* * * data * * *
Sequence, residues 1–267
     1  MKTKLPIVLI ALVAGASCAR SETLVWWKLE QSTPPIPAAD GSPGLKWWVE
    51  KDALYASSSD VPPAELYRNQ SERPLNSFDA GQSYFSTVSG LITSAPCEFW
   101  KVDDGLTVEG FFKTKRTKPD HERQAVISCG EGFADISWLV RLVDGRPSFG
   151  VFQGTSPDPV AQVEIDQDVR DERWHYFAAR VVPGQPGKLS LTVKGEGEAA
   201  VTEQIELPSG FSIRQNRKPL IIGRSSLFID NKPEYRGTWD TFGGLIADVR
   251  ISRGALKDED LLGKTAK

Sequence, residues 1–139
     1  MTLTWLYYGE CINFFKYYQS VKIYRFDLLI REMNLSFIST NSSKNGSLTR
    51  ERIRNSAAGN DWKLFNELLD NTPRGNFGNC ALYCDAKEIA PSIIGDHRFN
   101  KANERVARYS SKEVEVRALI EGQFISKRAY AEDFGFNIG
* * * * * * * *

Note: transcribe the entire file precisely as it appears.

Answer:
Sequence, residues 1–267
     1  MKTKLPIVLI ALVAGASCAR SETLVWWKLE QSTPPIPAAD GSPGLKWWVE
    51  KDALYASSSD VPPAELYRNQ SERPLNSFDA GQSYFSTVSG LITSAPCEFW
   101  KVDDGLTVEG FFKTKRTKPD HERQAVISCG EGFADISWLV RLVDGRPSFG
   151  VFQGTSPDPV AQVEIDQDVR DERWHYFAAR VVPGQPGKLS LTVKGEGEAA
   201  VTEQIELPSG FSIRQNRKPL IIGRSSLFID NKPEYRGTWD TFGGLIADVR
   251  ISRGALKDED LLGKTAK

Sequence, residues 1–139
     1  MTLTWLYYGE CINFFKYYQS VKIYRFDLLI REMNLSFIST NSSKNGSLTR
    51  ERIRNSAAGN DWKLFNELLD NTPRGNFGNC ALYCDAKEIA PSIIGDHRFN
   101  KANERVARYS SKEVEVRALI EGQFISKRAY AEDFGFNIG